Aside from getting a haircut, do you think men visit their barber for other reasons?
P: Customers come to the barbershop looking for that escape from the world. Whatever the barbers are able to put into that experience, it helps in making the customer feel good, face the world, and do the best that they can after leaving. Making the barbers understand their value, that they’re more than just people who cut hair, it starts there.
How does this approach affect your barbers?
P: Sila mismo they come up with creative ways to deliver their service. Our head barbers, every month, they’ll call meetings where they discuss what we can do to better our services. In terms of technique, they go on YouTube and they read magazines to help enhance their knowledge. It starts with the culture. We encourage them to be the best version of themselves.
Do you think the grooming game of the Pinoy man has evolved in recent years? How does Felipe and Sons fit into this equation?
B: I think guys were just waiting for a place like ours. Our goal is to help these guys bring out their personality. Our tagline is “Revive Manila Swagger.” Swagger isn’t about being boastful, it’s about wanting to express yourself. You don’t have to be dressed in a suit all the time either. It’s our job to help them discover and express their personal style.
Is the Filipino man ready for this kind of grooming experience? In your opinion, are Filipinos more stylish and particular when it comes to personal grooming?
P: If you’re asking if the has market grown, well, to be honest, I don’t think we ever really lost it. We take inspiration from our forefathers. Our inspiration is the old pictures nung mga panahon ng lolo natin. I’ve never seen a picture of my grandfather na hindi siya nakabihis. Intrinsic yun sa culture natin. We’re just trying to bring back that natural inclination. There was a time when Manila was the most cosmopolitan city in all of Asia, and that’s where we take our inspiration from. We’re just kind of reminding people that we were once there and we have the opportunity to bring ourselves back. We are a forward-thinking nation. Giving the male Filipino the opportunity to do that is a good thing. And with that movement now of all these other barbershops popping up, we feel that it’s a sign. It’s indicative of how the market is starting to understand that this is something we should be doing.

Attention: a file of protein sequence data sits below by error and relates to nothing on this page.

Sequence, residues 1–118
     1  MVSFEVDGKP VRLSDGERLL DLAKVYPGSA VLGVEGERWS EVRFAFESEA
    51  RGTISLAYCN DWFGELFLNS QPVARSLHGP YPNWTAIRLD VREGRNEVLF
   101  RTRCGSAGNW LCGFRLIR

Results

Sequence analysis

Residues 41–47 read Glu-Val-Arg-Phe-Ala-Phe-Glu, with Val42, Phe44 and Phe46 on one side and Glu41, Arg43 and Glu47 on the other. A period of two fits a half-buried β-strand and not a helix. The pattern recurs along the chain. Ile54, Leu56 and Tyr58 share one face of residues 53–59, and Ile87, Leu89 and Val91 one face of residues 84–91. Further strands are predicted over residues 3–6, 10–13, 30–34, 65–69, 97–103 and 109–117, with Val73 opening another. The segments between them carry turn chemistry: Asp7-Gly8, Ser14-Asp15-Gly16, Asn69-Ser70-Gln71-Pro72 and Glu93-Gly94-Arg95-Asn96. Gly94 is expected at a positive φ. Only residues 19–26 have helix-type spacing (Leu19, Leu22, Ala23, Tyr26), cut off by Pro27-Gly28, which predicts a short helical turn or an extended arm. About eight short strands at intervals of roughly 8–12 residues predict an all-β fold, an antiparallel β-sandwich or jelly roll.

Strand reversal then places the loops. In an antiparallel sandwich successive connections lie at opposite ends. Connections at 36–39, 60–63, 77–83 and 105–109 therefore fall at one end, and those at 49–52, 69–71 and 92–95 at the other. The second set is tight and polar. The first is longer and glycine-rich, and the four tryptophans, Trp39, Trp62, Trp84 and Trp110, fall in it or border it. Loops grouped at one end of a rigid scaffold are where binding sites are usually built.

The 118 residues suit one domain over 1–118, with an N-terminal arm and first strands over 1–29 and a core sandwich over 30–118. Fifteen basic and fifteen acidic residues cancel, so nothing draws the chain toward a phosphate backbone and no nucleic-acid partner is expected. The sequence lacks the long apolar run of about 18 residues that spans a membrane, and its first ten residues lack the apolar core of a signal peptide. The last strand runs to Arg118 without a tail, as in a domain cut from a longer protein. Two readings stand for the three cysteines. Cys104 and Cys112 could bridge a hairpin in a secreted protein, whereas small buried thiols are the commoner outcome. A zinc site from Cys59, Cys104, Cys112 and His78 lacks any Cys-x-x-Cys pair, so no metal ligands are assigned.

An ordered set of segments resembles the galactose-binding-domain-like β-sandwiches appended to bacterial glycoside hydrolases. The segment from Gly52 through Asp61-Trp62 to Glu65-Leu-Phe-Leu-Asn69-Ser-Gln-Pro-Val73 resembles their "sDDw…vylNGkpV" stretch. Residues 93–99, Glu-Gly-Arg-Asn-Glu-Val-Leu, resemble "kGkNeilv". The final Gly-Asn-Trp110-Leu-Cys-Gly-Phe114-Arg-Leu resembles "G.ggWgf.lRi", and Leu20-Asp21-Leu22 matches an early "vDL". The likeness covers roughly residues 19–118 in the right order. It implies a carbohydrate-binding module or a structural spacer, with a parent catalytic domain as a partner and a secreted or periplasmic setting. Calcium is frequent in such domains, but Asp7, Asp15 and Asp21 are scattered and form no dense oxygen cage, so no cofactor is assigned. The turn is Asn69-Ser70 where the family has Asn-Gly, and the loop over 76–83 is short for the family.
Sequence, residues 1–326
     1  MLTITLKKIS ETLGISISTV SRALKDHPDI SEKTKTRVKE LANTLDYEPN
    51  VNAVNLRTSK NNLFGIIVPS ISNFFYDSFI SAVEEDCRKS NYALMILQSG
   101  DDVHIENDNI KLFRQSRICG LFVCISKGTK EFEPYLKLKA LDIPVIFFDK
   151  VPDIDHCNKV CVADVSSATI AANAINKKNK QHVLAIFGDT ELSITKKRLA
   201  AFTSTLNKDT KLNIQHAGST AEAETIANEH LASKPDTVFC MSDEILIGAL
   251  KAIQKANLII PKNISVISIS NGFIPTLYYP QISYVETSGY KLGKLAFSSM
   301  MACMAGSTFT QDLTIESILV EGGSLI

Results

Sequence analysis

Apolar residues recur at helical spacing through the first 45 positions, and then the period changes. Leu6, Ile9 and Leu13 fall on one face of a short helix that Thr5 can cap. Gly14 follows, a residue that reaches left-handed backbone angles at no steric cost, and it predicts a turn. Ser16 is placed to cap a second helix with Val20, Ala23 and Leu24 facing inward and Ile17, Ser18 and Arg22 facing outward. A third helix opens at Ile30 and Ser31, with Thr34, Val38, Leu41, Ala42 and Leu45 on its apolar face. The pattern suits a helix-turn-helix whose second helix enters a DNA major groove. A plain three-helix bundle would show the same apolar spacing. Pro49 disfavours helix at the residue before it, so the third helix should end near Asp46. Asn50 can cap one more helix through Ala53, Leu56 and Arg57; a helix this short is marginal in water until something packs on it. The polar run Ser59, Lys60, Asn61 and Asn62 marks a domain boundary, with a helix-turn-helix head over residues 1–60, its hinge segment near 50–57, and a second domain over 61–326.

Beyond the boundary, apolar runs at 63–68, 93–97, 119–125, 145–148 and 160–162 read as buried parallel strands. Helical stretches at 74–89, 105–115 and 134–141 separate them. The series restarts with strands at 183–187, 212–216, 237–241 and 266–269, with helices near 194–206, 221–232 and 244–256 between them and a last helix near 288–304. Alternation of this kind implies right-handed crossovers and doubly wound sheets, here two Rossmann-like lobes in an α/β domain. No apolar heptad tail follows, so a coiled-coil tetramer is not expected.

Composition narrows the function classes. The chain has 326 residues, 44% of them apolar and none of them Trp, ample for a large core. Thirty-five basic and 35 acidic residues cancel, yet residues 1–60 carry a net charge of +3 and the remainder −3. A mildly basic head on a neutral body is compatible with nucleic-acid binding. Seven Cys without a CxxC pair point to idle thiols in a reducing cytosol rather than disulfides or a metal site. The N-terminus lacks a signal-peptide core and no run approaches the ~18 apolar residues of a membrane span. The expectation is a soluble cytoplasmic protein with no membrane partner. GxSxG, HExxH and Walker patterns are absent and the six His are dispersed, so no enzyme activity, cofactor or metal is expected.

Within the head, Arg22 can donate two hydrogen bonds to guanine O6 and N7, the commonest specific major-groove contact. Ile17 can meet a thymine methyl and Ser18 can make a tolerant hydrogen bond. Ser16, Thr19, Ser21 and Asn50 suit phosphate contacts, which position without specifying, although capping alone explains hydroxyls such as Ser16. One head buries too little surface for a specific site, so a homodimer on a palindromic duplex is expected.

If you were to describe the Felipe and Sons man, what would be his persona?
B: We actually get asked that a lot. There are different pegs. There’s a phrase in Tagalog: “maangas pero hindi mayabang.” We’d like to think that the word “swagger” is not negative. It’s a quiet confidence. The Felipe man is confident in himself, whether it’s in jeans and a t-shirt or in a full suit. He has respect for his elders and he’s proud of his Filipino values.
What are some of the challenges you’ve faced as business owners?
B: For me, it’s always dealing with the personalities involved. Keeping everyone in line with the culture that we want in the stores. When we first started, we’d have customers trickling in. But then as customers came and they referred their friends, that’s when the business started to grow. Word of mouth was really helpful and key for us.
P: Scaling the business from one branch to six [they also manage a barbershop/speakeasy called Thirsty Barber] was definitely a challenge, especially on the backend. We really had to spend a lot of time and effort building the systems and growing the team. Our team has grown from me, Bug, and our other founder Marco to now, where we need to bring in more experts in things we don’t necessarily know how to do. You have to also acknowledge what your own shortcomings are as a business owner. There are a lot of things you don’t know. There are a lot of challenges that require different skills and know-how.
What’s rewarding about having a business like Felipe and Sons?
B: I think, for me, it’s being to elevate the profession of a barber. I’m confident to say that some of these barbers make more money than the people that sit in their chairs. And they’ve seen that if they pay attention to their craft and take care of their customers, they can make a living and be proud of who they are and their profession.
P: The biggest reward, for me, is not just being able to elevate the industry, but to continuously have a channel to impart the values we built the brand on. The fact that we have more people coming to us and listening to what we have to say gives us more opportunities to share the whole point of view of Felipe and Sons. It was never just about the barbershop or the clothes or the tailoring—it was always about being Felipe’s sons, being part of a larger movement to make our country a better place in any way we can.
To learn more about Felipe and Sons, you can visit their website by clicking here.